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The Faubourg Marigny is New Orleans First Suburb





The Faubourg Marigny is New Orleans first suburb and it is only a few blocks to the east of Bourbon Street . Have you stayed there? Have you been there?


Let's discuss this Faubourg. First of all, the word Faubourg means neighborhood in French and we still use that term. 


The Marigny is an original Creole neighborhood named for New Orleans born, Bernard de Marigny. When his father died in 1800, the 14 year old de Marigny inherited a multi million dollar fortune along with the neighborhood’s namesake plantation. 


Bernard was sent to Europe to boarding school to become educated in the Mercantile business and learn how to handle business dealings. He didn't like it. Upon his return he had big dreams and the game of craps with him.


Beginning in 1805, de Marigny, now 20, petitioned the city to allow him to sub-divide his land located just outside of the Vieux Carre. With the French Quarter dangerously overpopulated, the city council approved de Marigny’s idea almost immediately, and people flocked to buy the new lots and begin building homes. Within two years, he’d sold 68% of the lots at a profit of around $80,000 or just over $2 million in today’s money.

When the Haitian slave revolt began in 1809, thousands of refugees fled to New Orleans. Many of them bought lots in the predominantly French speaking Faubourg Marigny, particularly free women of color and their slaves. The Haitian refugees also brought the now famous Creole Cottage design with them and, in just a few years, these four-room homes dotted the Marigny’s landscape alongside shotgun houses and the more prominent American mansions.


Streets included, Good Children (now St. Claude Ave.), Elysian Fields (after Paris’ Champs-Elysees), and Craps (changed to Burgundy St. after much protesting from four scandalized churches located on the street). The marginy also had a rotated grid system. This system accounted for a 135 degree turn in the Mississippi River, allowing “mother streets” like Royal, Chartres, and Bourbon to continue through the Marigny with no interruptions.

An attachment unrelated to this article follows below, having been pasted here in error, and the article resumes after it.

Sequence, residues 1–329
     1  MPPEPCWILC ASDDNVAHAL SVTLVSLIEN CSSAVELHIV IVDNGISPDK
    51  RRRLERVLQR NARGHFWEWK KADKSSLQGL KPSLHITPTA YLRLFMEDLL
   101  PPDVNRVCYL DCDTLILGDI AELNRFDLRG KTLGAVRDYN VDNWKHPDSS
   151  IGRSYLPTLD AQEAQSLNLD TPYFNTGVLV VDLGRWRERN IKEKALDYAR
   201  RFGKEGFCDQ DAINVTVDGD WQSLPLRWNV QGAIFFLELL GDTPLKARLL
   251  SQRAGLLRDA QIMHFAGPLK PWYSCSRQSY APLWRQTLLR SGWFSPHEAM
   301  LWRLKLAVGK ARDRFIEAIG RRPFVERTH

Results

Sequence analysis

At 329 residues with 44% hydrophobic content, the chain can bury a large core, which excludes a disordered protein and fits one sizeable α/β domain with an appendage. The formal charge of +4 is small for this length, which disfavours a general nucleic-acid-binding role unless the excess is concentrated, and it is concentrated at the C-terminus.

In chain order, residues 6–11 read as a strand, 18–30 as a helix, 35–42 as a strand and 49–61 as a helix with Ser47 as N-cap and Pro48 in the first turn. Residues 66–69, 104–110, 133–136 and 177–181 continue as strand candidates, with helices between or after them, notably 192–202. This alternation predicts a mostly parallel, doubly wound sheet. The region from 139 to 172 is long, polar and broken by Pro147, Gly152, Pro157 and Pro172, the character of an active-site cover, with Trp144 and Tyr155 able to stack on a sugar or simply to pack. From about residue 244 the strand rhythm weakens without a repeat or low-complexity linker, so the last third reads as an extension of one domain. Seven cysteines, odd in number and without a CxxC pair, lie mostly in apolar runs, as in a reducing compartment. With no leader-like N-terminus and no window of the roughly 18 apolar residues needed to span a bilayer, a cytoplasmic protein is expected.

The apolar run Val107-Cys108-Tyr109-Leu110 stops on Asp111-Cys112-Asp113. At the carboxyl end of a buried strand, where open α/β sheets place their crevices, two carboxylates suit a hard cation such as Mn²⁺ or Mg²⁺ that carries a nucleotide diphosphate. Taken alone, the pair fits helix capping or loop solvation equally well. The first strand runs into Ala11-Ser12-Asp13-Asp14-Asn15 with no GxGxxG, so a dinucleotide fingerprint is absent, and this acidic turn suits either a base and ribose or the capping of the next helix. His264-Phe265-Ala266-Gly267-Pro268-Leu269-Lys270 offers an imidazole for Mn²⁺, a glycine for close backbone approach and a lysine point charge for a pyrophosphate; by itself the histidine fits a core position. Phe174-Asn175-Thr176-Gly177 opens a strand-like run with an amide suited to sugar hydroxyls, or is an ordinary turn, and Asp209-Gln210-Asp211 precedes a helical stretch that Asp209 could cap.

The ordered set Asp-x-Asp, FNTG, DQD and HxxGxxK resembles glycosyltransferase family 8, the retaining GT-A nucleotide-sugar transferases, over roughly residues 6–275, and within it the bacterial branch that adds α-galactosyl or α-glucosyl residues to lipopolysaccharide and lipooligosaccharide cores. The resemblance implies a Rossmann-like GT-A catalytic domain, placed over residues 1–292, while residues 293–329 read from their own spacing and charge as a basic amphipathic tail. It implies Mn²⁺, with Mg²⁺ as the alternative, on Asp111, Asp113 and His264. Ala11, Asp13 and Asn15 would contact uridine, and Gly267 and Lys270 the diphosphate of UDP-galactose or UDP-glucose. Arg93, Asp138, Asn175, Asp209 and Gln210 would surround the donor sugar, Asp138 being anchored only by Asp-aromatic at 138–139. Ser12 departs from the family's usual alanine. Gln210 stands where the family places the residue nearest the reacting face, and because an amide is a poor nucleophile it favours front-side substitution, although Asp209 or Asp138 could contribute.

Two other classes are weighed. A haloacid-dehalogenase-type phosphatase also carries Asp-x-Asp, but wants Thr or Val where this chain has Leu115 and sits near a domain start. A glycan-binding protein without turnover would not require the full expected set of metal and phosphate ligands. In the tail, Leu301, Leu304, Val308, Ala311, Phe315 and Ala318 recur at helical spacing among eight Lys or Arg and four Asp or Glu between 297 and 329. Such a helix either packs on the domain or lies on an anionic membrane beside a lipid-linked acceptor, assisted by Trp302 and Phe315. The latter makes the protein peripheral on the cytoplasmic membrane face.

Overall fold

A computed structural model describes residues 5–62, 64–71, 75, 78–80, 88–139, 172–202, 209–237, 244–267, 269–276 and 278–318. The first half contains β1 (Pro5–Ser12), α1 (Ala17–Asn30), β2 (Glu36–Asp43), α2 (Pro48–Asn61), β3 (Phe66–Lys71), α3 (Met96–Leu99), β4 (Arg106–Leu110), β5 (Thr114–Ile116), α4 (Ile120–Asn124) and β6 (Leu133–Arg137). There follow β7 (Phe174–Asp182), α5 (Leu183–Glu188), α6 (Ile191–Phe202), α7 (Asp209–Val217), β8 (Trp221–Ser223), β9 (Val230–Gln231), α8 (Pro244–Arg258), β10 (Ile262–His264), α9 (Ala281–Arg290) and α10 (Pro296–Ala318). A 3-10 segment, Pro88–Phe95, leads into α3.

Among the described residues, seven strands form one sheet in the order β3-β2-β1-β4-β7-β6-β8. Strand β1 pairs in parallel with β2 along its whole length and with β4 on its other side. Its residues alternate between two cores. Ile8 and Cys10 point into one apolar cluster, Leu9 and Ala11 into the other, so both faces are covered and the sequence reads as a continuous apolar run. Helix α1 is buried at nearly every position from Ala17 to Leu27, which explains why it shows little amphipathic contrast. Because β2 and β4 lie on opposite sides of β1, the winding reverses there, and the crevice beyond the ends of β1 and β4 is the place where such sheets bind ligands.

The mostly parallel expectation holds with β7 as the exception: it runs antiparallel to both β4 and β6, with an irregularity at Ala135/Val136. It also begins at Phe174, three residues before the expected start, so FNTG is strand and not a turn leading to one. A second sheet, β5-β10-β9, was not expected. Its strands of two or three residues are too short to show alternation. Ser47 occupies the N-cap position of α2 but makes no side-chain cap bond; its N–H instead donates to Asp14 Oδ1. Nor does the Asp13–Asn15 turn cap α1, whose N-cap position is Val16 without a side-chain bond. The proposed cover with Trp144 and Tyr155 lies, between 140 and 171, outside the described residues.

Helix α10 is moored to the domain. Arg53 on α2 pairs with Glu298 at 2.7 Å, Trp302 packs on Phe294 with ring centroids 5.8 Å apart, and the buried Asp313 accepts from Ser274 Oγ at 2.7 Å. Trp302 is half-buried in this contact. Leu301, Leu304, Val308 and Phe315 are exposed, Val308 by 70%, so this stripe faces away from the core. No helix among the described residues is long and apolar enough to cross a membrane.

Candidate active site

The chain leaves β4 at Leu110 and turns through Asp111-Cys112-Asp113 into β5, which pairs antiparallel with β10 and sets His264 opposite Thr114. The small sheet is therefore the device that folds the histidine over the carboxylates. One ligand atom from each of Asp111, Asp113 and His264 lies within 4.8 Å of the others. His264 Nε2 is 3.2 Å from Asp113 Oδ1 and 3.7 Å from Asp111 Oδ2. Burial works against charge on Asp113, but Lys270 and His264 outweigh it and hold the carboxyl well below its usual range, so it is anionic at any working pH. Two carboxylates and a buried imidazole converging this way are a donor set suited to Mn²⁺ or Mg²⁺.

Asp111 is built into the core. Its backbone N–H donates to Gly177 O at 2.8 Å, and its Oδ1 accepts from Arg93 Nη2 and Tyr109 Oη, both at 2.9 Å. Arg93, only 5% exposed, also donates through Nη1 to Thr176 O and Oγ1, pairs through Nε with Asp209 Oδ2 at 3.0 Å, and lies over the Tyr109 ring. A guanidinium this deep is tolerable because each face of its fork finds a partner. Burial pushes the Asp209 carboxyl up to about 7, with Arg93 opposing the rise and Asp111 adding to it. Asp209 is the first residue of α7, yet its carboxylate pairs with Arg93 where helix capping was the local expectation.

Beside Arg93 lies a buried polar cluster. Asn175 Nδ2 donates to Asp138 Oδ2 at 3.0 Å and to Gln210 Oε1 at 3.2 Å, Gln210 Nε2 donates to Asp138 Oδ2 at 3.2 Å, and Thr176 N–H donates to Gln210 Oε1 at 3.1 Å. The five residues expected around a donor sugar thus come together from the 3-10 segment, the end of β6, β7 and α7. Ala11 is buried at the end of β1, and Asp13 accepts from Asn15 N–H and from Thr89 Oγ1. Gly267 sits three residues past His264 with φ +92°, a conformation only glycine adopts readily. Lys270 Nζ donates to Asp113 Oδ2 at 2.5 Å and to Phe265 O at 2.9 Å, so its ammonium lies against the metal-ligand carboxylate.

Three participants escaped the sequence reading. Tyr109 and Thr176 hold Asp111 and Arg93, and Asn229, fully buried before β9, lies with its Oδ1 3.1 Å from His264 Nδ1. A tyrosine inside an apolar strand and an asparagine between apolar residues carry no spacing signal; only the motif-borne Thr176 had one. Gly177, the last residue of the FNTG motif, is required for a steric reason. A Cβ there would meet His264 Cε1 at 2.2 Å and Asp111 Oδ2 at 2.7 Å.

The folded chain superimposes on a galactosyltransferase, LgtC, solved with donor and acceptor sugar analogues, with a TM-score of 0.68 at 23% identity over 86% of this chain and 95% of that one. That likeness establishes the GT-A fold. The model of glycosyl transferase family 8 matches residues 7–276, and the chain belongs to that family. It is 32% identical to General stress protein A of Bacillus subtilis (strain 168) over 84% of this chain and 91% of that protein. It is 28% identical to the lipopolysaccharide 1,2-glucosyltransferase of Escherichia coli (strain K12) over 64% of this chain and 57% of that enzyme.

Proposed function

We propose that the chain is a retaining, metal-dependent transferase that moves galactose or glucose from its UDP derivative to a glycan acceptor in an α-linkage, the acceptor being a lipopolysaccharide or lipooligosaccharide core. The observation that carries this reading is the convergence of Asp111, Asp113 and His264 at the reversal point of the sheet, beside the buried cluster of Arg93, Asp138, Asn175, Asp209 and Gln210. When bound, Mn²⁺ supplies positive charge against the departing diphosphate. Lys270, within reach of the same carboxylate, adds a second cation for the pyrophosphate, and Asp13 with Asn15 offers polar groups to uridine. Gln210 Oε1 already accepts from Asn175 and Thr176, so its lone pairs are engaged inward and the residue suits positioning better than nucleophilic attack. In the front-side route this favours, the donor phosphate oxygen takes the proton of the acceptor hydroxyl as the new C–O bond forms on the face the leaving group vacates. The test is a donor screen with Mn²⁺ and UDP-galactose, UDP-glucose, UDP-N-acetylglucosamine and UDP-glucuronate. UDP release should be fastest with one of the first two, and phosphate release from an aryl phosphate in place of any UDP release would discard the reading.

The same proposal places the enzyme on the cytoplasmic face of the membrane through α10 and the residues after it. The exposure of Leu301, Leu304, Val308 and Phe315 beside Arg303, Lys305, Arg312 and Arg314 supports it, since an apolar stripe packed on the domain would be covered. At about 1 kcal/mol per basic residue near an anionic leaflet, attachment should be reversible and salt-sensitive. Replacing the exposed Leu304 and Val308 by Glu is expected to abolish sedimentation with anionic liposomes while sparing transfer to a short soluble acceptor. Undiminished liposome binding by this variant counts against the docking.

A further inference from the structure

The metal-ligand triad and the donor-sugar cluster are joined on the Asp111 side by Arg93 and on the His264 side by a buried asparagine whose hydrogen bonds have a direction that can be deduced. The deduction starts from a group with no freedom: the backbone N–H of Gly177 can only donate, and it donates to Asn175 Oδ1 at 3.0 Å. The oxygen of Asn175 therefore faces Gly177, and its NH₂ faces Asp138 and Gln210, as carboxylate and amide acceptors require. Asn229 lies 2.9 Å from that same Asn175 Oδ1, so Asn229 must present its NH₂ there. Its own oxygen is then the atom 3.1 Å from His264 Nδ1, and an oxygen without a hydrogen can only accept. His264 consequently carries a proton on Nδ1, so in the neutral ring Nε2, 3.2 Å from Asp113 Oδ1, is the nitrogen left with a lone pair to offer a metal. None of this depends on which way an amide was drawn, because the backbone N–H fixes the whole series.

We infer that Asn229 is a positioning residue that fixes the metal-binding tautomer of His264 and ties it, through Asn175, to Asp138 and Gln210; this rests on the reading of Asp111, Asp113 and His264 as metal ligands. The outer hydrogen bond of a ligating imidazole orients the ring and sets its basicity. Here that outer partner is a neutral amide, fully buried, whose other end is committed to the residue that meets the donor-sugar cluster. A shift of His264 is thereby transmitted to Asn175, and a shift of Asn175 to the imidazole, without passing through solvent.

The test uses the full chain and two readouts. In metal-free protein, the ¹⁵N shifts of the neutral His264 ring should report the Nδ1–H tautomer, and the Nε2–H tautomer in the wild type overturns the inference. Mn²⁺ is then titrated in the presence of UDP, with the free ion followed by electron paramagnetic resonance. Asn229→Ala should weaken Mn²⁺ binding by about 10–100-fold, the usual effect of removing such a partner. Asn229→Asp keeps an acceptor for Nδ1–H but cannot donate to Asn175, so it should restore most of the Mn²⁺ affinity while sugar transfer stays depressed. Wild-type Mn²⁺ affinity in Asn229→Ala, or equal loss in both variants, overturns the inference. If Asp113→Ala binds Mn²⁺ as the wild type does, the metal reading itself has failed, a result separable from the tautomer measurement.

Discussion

Elysian Fields was the first street in New Orleans to run from Lake Pontchartrain to the Mississippi River. In 1830, de Marigny sold the land running through the middle of the avenue to the newly formed Pontchartrain Railroad. The next year, the railroad opened a line which operated solely between Milneburg, a fishing village on Lake Pontchartrain, and the Faubourg Marigny. The steam engine, Smokey Mary, was the most famous train to haul goods and people from Pontchartrain Beach to the river along Elysian Fields from 1831 to 1930.


The Faubourg Marigny is New Orleans first suburb and is known for its bohemian, artistic and nightlife culture. It is chock full complete of Creole cottages, night art markets, indie shops, eclectic restaurants, and home to Frenchman Street! Three blocks of clubs, bars and live music where the locals go to hear Jazz, Rhythm and Blues and more. Where you will find tourists on Bourbon Street, you will find locals down in the Marigny hanging out of Frenchman Street. 


Mr Marigny’s loss turned out to be quite a gain for the city of New Orleans and its people. This well loved Faubourg is bustling! 

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